- There’s little chance of agreement on a new federal coronavirus relief plan without a compromise on the roughly $1 trillion in aid to beleaguered state and local government that Democrats demand and the White House opposes. Democrats have offered to cut their original stimulus proposal totaling $3.5 trillion by roughly one third, but insist on keeping help for states, cities and other municipalities. President Donald Trump’s negotiators, in addition to rejecting the Democrats’ topline number, have offered to put in no more than $150 billion for local assistance. Negotiations are at a standstill heading into two weeks in which the Democratic Party then the Republican Party hold their respective presidential nominating conventions.
- CureVac BV, a competitor in the race for a coronavirus vaccine, priced its U.S. initial public offering at the top of a marketed range to raise $213 million. The company sold 13.33 million shares for $16 each after marketing them for $14 to $16, according to a statement Friday. The company is also raising 100 million euros ($118 million) in a private placement concurrent with the IPO, according to CureVac’s filings with the U.S. Securities and Exchange Commission. CureVac, based in Tubingen, Germany, is valued in the listing at about $2.8 billion based on the outstanding shares listed in its filings. The company’s valuation could change depending on whether regulators approve a vaccine.
- Senate Minority Leader Chuck Schumer is backing a bipartisan bill that would create a $120 billion fund for restaurants, which have been ravaged by the coronavirus pandemic, as senators headed home until September without a broader accord for a new stimulus package. Schumer, a New York Democrat, said in a statement on Friday that lawmakers should “act now to pass this important legislation and other critical assistance that struggling small businesses and workers are in desperate need of.” His support increases the possibility that the bailout for restaurants could move forward on its own, but it comes as talks between Republicans and Democrats over a comprehensive relief plan have collapsed over disagreements regarding unemployment aid, help for local and state governments and funding for the postal service — as well as how much money the government should spend.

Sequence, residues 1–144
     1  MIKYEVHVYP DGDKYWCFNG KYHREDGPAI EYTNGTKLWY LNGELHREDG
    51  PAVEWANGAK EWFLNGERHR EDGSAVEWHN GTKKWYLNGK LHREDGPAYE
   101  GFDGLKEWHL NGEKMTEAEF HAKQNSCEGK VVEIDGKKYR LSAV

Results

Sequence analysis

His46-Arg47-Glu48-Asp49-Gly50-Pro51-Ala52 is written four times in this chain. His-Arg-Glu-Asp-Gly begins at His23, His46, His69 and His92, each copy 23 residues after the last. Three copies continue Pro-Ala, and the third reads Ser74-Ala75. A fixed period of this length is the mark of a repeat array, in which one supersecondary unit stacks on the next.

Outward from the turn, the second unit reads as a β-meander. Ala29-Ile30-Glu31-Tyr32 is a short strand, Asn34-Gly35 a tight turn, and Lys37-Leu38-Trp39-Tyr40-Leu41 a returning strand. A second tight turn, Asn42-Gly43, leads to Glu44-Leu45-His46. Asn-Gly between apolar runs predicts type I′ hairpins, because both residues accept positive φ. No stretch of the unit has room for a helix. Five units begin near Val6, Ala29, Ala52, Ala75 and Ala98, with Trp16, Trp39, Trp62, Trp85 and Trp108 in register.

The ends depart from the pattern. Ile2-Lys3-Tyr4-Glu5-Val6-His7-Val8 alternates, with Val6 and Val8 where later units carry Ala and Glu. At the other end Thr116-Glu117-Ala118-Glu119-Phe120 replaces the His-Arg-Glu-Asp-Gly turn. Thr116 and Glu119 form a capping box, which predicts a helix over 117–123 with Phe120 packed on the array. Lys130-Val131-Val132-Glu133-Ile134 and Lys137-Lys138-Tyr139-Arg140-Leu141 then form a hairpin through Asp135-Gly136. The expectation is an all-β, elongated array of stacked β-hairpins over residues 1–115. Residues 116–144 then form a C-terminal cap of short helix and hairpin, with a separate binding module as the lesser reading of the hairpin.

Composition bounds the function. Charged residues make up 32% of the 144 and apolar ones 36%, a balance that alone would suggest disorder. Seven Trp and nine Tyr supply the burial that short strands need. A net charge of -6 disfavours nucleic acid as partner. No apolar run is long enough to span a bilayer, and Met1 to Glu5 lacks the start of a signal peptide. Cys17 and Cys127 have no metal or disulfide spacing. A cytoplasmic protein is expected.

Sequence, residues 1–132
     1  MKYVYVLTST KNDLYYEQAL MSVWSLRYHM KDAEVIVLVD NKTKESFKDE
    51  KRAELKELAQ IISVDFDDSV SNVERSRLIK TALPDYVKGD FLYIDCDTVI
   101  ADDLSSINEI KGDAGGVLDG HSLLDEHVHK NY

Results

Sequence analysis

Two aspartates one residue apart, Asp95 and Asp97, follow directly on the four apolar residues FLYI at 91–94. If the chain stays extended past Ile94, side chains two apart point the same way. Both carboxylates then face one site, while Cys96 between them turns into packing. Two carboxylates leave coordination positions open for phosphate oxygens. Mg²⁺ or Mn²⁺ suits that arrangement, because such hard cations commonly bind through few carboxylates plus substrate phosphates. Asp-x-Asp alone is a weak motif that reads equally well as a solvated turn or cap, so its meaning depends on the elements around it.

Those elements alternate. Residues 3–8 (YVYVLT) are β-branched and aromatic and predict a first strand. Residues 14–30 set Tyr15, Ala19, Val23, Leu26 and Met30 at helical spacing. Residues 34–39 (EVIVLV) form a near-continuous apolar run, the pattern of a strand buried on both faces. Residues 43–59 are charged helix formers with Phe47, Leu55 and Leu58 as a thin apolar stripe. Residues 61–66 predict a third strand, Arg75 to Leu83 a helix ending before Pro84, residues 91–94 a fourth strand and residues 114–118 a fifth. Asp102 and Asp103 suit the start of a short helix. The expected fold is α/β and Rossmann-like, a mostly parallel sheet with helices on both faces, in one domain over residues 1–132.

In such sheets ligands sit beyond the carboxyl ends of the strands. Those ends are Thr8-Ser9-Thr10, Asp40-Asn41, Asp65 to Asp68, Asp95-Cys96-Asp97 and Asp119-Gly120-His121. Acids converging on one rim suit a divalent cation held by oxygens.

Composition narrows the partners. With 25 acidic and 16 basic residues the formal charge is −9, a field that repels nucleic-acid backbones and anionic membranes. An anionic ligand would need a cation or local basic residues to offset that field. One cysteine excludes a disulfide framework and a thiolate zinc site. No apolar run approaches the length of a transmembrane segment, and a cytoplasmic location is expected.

- Britain’s power industry lost 1.1 billion pounds ($1.4 billion) in the five months to August as reduced electricity demand and wholesale prices cut revenues for suppliers, generators and grid companies. The drop in consumption meant that 3.4 million tons of carbon dioxide emissions weren’t pumped into the atmosphere, according to analysis by Hartree Solutions. That’s about 1% of the U.K.’s annual CO2 emissions in 2019. Just under half of the income loss can be attributed to lower wholesale power prices with the rest down to lower earnings from transportation costs, renewable subsidies, network charges and balancing costs, Hartree said in the report.
- Indonesia will ramp up government spending to a record high next year and seek the central bank’s help in financing the budget deficit as it seeks to revive an economy reeling from the coronavirus pandemic. Gross domestic product is forecast to grow 4.5%-5.5% next year, while the fiscal deficit is expected to narrow to 5.5% of GDP from this year’s 6.34%, President Joko Widodo said Friday in his annual budget speech in Jakarta. Spending is projected to rise 0.3% to 2,747.5 trillion ($185.2 billion), while revenue is seen rising 4.5% to 1,776.4 trillion rupiah. Southeast Asia’s largest economy is experiencing its worst crisis in more than two decades as restrictions on movement to fight the pandemic and a plunge in global demand have wreaked havoc on households and business. With government revenue falling, Jokowi, as the president is known, has turned to Bank Indonesia to help share the burden, and said he intends to ask the central bank for help again next year.
- More than a dozen trade groups are launching a new coalition aimed at forcing e-commerce companies such as Amazon.com Inc.to take stronger measures to fight stolen or counterfeit goods sold on their platforms. The industry associations, which represent Walmart Inc., Target Corp., and Best Buy Co. Inc. among other companies, announced on Friday they are founding The Buy Safe America Coalition to back legislation that would require digital marketplaces to verify information about third-party merchants. The lobbying push by retailers will only add to the scrutiny facing companies such as Amazon and EBay Inc. over their role in allowing counterfeit products from bicycles to jeans to be sold around the world. Lawmakers, President Donald Trump and companies have all been exploring ways to curb the deluge of fake goods online.